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Summary and book reviews of The Old Drift by Namwali Serpell

The Old Drift

by Namwali Serpell

The Old Drift by Namwali Serpell X
The Old Drift by Namwali Serpell
  • Critics' Opinion:

    Readers' Opinion:

     Not Yet Rated
  • First Published:
    Mar 2019, 576 pages
    Paperback:
    Mar 2020, 512 pages

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Book Reviewed by:
Karen Lewis
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About this Book

Book Summary

An electrifying debut from the winner of the 2015 Caine Prize for African writing, The Old Drift is the Great Zambian Novel you didn't know you were waiting for.

On the banks of the Zambezi River, a few miles from the majestic Victoria Falls, there was once a colonial settlement called The Old Drift. Here begins the epic story of a small African nation, told by a mysterious swarm-like chorus that calls itself man's greatest nemesis. The tale? A playful panorama of history, fairytale, romance and science fiction. The moral? To err is human.

In 1904, in a smoky room at the hotel across the river, an Old Drifter named Percy M. Clark, foggy with fever, makes a mistake that entangles the fates of an Italian hotelier and an African busboy. This sets off a cycle of unwitting retribution between three Zambian families (black, white, brown) as they collide and converge over the course of the century, into the present and beyond. As the generations pass, their lives – their triumphs, errors, losses and hopes – form a symphony about what it means to be human. 

From a woman covered with hair and another plagued with endless tears, to forbidden love affairs and fiery political ones, to homegrown technological marvels like Afronauts, microdrones and viral vaccines – this gripping, unforgettable novel sweeps over the years and the globe, subverting expectations along the way. Exploding with color and energy, The Old Drift is a testament to our yearning to create and cross borders, and a meditation on the slow, grand passage of time.

Prologue

Zt. Zzt. ZZZzzzZZZzzzzZZZzzzzzzo'ona.

And so. A dead white man grows bearded and lost in the blinding heart of Africa. With his rooting and roving, his stops and starts, he becomes accidental father of this land, our pater muzungu. This is the story of a nation – not a kingdom or a people – so it begins, of course, with a white man.

Once upon a time, a goodly Scottish doctor caught a notion to locate the source of the Nile. He found instead a gash in the ground full of massed, tumbling water. His bearers called it Mosi-o-Tunya, The Smoke That Thunders, but he gave it the name of his queen instead. In his journal, he described the Falls with a stately awe, comparing the far-flung water to British things: to fleece and snow and the sparks from burning steel, to myriads of small comets rushing on in one direction, each of which left behind its nucleus rays of foam. He speculated that angels had gazed upon it and said, 'How lovely.' He opined, like a set ...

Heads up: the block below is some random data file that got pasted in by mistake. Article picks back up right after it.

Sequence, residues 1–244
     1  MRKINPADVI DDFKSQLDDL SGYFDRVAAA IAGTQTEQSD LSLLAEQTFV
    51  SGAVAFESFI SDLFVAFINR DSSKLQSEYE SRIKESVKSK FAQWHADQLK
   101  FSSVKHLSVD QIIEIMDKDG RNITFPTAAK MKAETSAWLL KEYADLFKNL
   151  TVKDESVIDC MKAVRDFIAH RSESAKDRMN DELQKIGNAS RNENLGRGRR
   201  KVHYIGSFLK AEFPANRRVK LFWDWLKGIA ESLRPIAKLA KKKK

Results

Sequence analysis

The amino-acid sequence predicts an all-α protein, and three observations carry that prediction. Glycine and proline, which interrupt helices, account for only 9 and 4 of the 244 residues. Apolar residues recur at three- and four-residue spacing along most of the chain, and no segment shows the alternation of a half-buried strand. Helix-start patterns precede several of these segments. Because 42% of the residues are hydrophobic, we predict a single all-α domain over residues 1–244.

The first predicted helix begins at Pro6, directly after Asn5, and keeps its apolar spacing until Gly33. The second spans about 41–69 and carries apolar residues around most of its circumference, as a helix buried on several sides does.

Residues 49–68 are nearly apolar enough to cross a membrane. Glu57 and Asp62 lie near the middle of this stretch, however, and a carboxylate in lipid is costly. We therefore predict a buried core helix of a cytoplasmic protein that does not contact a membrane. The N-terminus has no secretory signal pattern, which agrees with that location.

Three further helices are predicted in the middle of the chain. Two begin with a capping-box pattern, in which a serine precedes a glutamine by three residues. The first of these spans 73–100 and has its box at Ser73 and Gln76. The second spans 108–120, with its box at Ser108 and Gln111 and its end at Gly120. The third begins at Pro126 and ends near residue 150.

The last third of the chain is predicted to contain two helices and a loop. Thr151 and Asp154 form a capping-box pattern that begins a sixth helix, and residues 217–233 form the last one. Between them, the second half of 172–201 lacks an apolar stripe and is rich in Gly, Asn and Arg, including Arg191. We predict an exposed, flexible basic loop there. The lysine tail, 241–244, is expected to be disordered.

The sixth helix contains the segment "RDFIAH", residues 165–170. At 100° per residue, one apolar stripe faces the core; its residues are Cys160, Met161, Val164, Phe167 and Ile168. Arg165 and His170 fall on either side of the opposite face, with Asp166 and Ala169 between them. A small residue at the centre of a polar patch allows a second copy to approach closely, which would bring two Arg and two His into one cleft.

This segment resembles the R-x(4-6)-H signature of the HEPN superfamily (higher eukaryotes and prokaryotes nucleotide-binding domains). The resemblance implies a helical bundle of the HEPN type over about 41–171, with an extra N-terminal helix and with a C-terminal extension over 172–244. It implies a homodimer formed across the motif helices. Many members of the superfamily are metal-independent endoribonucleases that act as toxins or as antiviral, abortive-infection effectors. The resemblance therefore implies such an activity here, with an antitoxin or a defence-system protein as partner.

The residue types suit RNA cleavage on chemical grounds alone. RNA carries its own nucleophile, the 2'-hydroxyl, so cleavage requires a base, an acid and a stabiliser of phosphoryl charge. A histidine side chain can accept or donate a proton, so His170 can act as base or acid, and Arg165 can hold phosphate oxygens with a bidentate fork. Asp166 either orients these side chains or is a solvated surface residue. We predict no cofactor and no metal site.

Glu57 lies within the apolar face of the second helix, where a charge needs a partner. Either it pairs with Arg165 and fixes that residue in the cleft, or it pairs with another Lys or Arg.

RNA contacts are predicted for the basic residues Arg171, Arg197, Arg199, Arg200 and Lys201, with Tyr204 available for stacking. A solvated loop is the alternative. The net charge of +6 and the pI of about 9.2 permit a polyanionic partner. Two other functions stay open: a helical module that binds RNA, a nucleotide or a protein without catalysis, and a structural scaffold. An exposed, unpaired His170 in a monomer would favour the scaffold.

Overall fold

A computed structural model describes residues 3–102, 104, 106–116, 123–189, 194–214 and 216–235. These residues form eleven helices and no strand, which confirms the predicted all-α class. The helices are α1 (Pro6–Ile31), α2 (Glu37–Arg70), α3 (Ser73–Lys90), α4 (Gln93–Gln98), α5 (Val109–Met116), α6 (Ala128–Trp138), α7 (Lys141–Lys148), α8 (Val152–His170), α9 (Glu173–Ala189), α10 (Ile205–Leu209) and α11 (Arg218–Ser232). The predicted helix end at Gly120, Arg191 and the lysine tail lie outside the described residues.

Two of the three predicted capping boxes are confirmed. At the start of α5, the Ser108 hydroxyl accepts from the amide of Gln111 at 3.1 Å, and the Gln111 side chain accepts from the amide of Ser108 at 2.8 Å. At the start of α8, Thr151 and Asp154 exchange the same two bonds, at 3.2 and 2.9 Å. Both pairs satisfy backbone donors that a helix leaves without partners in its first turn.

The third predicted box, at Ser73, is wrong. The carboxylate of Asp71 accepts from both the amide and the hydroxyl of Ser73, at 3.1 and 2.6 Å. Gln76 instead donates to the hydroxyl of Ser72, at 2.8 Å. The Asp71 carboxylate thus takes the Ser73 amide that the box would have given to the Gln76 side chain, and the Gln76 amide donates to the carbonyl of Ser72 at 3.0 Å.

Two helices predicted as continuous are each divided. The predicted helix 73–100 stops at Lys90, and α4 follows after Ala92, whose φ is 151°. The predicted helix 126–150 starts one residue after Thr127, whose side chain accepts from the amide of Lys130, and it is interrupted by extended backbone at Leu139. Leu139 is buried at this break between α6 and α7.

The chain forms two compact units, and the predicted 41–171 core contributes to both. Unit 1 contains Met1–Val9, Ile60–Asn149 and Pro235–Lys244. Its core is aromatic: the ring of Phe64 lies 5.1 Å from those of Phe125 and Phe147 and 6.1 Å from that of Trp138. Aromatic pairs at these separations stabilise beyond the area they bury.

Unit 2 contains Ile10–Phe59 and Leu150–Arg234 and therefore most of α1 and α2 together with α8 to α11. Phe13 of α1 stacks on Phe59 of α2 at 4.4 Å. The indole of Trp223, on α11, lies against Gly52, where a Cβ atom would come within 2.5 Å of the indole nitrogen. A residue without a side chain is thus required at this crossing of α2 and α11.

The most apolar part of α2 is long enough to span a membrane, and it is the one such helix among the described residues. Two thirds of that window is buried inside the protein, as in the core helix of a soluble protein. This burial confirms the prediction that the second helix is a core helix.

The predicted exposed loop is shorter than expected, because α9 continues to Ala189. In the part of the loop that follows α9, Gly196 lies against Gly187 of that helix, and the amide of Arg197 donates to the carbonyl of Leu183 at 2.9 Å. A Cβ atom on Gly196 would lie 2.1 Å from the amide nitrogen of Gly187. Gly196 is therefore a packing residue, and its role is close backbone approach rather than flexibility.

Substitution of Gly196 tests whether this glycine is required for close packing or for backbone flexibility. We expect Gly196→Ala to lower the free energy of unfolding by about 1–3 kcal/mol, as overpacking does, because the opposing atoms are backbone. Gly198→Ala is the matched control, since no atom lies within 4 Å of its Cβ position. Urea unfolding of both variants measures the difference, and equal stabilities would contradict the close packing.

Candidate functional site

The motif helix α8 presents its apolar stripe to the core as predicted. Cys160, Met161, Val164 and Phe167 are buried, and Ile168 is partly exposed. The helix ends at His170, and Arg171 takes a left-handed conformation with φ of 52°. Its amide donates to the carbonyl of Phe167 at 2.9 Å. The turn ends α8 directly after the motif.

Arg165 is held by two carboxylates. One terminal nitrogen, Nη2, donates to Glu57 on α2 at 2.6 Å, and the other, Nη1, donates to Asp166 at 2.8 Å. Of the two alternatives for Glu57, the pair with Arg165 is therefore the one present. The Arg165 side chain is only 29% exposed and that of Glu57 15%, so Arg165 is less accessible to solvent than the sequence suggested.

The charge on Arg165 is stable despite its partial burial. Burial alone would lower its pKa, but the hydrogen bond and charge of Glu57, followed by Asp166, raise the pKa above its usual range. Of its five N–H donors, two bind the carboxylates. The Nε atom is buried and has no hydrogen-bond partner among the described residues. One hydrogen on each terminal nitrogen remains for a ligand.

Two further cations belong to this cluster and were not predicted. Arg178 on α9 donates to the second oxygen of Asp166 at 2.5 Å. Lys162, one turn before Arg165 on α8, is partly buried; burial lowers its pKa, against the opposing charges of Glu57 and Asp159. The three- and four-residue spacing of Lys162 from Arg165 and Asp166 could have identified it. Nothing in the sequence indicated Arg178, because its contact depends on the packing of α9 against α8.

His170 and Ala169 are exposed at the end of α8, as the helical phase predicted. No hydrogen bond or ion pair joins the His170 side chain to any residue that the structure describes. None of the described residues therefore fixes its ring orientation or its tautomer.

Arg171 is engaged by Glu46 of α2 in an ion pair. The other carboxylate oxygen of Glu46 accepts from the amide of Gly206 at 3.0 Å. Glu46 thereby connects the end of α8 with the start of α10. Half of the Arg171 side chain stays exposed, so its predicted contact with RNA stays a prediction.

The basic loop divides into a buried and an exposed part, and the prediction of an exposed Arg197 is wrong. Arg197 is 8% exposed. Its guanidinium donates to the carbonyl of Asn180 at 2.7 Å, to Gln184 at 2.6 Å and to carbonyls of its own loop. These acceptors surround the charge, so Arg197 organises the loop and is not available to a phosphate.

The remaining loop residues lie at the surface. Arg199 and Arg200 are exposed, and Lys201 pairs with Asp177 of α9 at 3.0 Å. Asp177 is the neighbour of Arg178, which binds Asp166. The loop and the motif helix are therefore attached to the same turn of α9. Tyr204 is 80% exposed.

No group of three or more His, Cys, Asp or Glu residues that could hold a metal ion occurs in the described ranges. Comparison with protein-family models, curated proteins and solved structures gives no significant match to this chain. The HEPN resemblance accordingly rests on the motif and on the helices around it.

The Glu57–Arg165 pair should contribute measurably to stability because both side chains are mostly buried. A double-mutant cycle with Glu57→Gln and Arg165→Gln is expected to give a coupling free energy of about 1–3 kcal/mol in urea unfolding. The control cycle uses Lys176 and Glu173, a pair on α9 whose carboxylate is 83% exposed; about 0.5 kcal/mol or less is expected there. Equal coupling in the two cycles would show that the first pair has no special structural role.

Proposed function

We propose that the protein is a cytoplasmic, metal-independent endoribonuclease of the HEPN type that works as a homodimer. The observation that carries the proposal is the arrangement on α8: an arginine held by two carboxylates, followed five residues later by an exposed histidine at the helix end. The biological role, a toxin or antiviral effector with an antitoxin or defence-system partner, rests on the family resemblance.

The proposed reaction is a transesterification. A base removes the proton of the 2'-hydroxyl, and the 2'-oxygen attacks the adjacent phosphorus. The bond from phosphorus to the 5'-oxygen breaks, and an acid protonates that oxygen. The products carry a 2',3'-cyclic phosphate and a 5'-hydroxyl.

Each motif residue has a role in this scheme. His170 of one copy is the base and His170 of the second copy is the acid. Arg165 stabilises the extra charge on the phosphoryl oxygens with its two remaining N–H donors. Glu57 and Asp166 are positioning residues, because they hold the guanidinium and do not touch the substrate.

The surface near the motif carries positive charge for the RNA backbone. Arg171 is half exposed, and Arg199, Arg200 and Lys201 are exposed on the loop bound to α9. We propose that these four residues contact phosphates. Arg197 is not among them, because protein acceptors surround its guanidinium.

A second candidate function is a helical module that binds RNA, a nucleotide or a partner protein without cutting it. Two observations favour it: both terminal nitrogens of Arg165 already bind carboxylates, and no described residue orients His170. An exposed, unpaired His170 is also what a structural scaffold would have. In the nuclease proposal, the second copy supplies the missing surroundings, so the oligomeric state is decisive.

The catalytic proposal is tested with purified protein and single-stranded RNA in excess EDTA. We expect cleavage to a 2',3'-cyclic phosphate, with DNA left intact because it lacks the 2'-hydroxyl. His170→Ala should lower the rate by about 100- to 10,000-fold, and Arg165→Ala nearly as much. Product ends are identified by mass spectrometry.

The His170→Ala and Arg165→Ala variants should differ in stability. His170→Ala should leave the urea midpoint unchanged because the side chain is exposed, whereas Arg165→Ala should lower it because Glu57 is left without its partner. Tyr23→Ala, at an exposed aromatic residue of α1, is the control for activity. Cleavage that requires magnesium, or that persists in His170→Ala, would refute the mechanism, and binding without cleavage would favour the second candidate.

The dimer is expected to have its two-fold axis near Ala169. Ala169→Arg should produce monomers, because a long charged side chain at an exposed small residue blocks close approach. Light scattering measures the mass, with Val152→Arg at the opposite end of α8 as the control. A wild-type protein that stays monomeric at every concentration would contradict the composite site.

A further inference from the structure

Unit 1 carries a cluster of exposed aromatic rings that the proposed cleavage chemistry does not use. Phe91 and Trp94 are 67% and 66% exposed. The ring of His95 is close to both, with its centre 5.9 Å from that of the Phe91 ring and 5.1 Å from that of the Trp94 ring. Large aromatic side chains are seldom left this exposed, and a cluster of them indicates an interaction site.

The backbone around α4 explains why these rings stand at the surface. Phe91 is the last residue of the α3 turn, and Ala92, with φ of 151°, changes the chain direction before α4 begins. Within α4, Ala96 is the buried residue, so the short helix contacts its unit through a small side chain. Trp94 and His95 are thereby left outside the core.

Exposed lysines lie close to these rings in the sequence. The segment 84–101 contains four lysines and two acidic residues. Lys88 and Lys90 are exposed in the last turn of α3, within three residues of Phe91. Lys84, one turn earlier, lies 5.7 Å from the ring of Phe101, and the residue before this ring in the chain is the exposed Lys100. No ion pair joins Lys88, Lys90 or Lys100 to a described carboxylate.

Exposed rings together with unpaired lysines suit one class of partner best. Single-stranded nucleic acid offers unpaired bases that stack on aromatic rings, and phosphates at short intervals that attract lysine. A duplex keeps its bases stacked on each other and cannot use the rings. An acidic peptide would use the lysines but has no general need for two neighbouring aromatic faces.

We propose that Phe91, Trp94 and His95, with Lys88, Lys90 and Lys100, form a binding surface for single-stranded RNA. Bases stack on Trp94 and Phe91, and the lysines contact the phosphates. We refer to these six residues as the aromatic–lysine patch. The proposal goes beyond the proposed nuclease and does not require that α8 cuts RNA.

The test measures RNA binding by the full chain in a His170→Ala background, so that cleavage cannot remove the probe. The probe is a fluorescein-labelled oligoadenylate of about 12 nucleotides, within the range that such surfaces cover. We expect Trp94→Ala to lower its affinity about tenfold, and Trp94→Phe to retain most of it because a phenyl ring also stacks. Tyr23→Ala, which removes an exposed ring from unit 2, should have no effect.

Please be aware that this discussion guide may contain spoilers!
  1. In many ways, Zambia itself is the novel's main character. How does Zambia adapt? What does it endure? And for its inhabitants, what is it like to be in a relationship with Zambia?
  2. The first two of the novel's numbered parts—The Grandmothers, The Mothers, The Children—emphasize maternity. How do these images of womanhood compare to the images of the female body that you usually see in novels? What role does fatherhood play in The Old Drift?
  3. In "The Falls," fever-laden Percy grabs Gavuzzi's hat (with a patch of hair), leading Ada to briefly abandon young Lina, who then delivers a debilitating blow to N'gulube, whom Percy later riddles with bullets, mistaking him for a pig. Percy is not prosecuted; in fact, he wins a silver ...
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Reviews

BookBrowse Review

BookBrowse

This novel is not a one-night read, but an intricate exploration of major historical and current events. With a lens on Zambia, the book grapples with universal questions. Beneath the human pageant that Serpell directs, nature pulses with its own imperatives; a gifted storyteller delivers an intriguing, sometimes challenging novel...continued

Full Review Members Only (951 words).

(Reviewed by Karen Lewis).

Media Reviews

Minneapolis Star Tribune
n a novel that spans the breadth of Zambia’s precolonial past to its digital future, Serpell’s unbound imagination is often a thing of beauty...Serpell’s range of focus is too inexhaustible, although it is in the familial space with its dramas of loves, betrayals, desires and dreams that she excels. Her Zambian characters are especially brimming and compelling. In a nod to Leo Tolstoy, she eventually offers her readers a lovely kernel of an overarching theme that binds her characters across the passage of time and encapsulates her confident writing style: ‘Every family is a war but some are more civil than others.'

Kirkus Reviews (starred review)
Comparisons with Gabriel García Márquez are inevitable and likely warranted. But this novel's generous spirit, sensory richness, and visionary heft make it almost unique among magical realist epics.

Nylon, "50 Books You'll Want to Read in 2019"
It's hard to believe this is a debut, so assured is its language, so ambitious its reach, and yet The Old Drift is indeed Namwali Serpell's first novel, and it signifies a great new voice in fiction. Feeling at once ancient and futuristic, The Old Drift is a genre-defying riotous work that spins a startling new creation myth for the African nation of Zambia...Serpell's voice is lucid and brilliant, and it's one we can't wait to read more of in years to come.

Washington Post